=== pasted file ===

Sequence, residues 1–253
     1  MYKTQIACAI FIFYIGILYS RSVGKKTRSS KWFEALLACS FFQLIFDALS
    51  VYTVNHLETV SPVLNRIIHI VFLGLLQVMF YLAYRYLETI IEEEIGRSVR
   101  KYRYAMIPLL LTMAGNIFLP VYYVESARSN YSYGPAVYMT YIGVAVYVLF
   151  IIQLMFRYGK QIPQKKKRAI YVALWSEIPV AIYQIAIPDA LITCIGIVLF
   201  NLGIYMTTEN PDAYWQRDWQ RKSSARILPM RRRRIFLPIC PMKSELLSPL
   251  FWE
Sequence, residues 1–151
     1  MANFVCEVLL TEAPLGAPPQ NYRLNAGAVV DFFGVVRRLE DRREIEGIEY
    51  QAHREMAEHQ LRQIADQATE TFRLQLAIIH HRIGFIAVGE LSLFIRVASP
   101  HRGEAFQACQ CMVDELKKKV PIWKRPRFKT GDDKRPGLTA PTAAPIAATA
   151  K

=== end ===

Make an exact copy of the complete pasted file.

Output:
Sequence, residues 1–253
     1  MYKTQIACAI FIFYIGILYS RSVGKKTRSS KWFEALLACS FFQLIFDALS
    51  VYTVNHLETV SPVLNRIIHI VFLGLLQVMF YLAYRYLETI IEEEIGRSVR
   101  KYRYAMIPLL LTMAGNIFLP VYYVESARSN YSYGPAVYMT YIGVAVYVLF
   151  IIQLMFRYGK QIPQKKKRAI YVALWSEIPV AIYQIAIPDA LITCIGIVLF
   201  NLGIYMTTEN PDAYWQRDWQ RKSSARILPM RRRRIFLPIC PMKSELLSPL
   251  FWE
Sequence, residues 1–151
     1  MANFVCEVLL TEAPLGAPPQ NYRLNAGAVV DFFGVVRRLE DRREIEGIEY
    51  QAHREMAEHQ LRQIADQATE TFRLQLAIIH HRIGFIAVGE LSLFIRVASP
   101  HRGEAFQACQ CMVDELKKKV PIWKRPRFKT GDDKRPGLTA PTAAPIAATA
   151  K